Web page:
| Jun 29, 2006


Legalese - March 30, 2006

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Legalese - June 29, 2006 Bill 102 – Changes to the Drug Interchangeability and Dispensing Fee Act & the Ontario Drug Benefit Act

[The following article was originally published in HALCO News, the newsletter of the HIV & AIDS legal clinic (Ontario), a specialty legal clinic in Toronto. Reprinted with permission.]

Bill 102 is the Ontario government’s response to escalating costs for drugs, and complaints about the programs we have to help people access drugs.

The Bill, if passed, would make changes to the Drug Interchangeability and Dispensing Fee Act (DIDFA) and the Ontario Drug Benefit Act (ODBA). Some of the key changes are:

FlyersA new “Conditional Listing” category will be created for new drugs that have not yet been fully evaluated or processed for formal listing. This will allow patients to access new drugs on a conditional basis without needing to go through individual section 8 applications.A position of “Executive Officer of the Ontario Drug Programs” would be created. The Executive Officer would be a political appointee who would exercise many powers now held by cabinet and the Minister. These include placing drugs on the ODBA formulary (the list of drugs funded for ODSP, OW, Trillium and seniors), removing drugs from the formulary, deciding who will get unlisted drugs (those not listed on the formulary) in special circumstances (the current ODBA Section 8), and designating which drugs are interchangeable.

This could potentially result in decisions being made more quickly. For example, new drugs could be made accessible more quickly and decisions on funding unlisted drugs could be made more quickly. However, there could be questions about the accountability of the Executive Officer – a great deal of authority would be placed in the hands of one unelected official.

The criteria for designating drugs to be interchangeable would be loosened. Currently a pharmacist can dispense a generic drug in place of a name brand drug prescribed by a physician. However, this can only be done if the actual drug and the formulation are the same. Under the new Act, interchangeability would be broadened. For instance the Executive Officer could designate a product to be interchangeable if it contains “the same amounts of the same or similar active ingredients in the same or similar dosage form.” This is intended to lower the cost of drug treatments by allowing more generic drugs to be dispensed. However, this also has the potential to result in serious medical problems when a pharmacist dispenses a drug or formulation different than what the doctor prescribes. Rebates from drug companies to pharmacists will no longer be permitted. Currently, drug producers can give rebates to pharmacies that dispensed their products. This is an incentive for pharmacists to dispense generic drugs which are interchangeable with name brand drugs. This is, again, intended to reduce the cost of drugs funded under the ODBA. Some pharmacists have argued that small independent pharmacies depend on these rebates to stay in business and that without this source of income some pharmacies would close. Although not part of Bill 102, the government has also announced that the mark-up pharmacists can charge on a product will be reduced from 10% to 8 % and capped at $25. This could make it impractical for small independent pharmacists to stock expensive drugs (e.g. anti-retrovirals), again making these drugs less accessible.The current ODBA Section 8, under which unlisted drugs are funded in special circumstances, is replaced by Section 16. The wording of Section 16 is almost identical to Section 8 except that the Executive Officer will now make decisions under the section in place of the Minister who currently has the authority to make these decisions. Also, the new Section 16 states explicitly that decisions made under the section can be made to apply retroactively. This is not included in the current Section 8.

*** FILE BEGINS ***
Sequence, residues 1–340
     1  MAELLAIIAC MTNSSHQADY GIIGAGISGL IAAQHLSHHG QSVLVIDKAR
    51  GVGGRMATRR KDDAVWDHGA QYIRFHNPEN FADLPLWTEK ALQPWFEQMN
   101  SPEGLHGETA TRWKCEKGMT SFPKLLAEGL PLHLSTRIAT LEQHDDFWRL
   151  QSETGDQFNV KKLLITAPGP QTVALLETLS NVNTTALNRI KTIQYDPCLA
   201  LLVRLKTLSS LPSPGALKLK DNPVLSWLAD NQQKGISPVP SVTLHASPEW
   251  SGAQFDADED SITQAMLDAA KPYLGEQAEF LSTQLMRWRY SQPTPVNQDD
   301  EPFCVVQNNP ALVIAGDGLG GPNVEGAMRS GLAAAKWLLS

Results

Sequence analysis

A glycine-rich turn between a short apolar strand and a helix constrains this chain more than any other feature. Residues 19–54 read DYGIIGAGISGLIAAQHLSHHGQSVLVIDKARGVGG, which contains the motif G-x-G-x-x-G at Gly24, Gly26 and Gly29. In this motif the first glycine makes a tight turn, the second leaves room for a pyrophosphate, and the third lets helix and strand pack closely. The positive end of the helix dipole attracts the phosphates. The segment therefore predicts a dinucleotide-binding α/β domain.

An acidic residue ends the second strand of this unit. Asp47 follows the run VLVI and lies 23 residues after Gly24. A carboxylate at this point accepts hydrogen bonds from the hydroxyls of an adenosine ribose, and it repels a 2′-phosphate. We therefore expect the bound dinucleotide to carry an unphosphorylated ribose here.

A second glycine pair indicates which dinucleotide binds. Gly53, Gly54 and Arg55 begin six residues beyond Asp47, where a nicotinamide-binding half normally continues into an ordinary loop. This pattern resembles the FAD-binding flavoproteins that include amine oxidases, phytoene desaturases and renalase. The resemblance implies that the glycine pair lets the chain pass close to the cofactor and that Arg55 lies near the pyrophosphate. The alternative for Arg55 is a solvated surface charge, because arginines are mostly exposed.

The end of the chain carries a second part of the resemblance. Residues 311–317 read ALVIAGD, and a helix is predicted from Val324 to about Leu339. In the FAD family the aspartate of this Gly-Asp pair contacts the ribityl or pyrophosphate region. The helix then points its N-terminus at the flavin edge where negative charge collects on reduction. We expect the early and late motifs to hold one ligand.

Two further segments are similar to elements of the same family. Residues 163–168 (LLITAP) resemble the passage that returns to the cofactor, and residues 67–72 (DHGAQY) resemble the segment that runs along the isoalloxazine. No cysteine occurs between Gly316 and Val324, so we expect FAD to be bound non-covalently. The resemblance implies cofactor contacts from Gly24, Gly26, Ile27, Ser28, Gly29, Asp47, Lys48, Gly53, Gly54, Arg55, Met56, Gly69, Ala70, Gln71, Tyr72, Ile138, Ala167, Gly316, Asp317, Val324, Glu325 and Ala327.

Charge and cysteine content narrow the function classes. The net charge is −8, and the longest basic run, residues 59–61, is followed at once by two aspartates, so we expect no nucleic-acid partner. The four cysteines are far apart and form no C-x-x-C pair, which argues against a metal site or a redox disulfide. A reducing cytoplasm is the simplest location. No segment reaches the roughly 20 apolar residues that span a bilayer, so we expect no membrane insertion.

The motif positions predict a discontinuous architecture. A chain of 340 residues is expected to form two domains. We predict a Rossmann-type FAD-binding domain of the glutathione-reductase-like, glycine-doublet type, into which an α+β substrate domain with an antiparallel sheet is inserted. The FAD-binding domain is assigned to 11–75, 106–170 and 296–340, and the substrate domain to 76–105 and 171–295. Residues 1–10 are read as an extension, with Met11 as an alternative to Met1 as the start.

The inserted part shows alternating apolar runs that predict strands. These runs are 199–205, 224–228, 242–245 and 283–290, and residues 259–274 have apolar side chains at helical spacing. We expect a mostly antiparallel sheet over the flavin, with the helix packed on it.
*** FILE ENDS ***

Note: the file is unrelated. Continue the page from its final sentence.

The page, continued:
Although not part of Bill 102, the government has announced that the current Drug Quality and Therapeutics Committee will be renamed the “Committee to Evaluate Drugs” and will include 2 patient representatives. This committee would be involved in individual drug funding decisions. The creation of a Citizens’ Council, which would provide recommendations on related policy issues, has also been announced.

Bill 102 has been referred to the Standing Committee on Social Policy and public hearings have been scheduled for May 29 and 30 and June 3, 4 and 5. HALCO will continue to monitor developments in this area.

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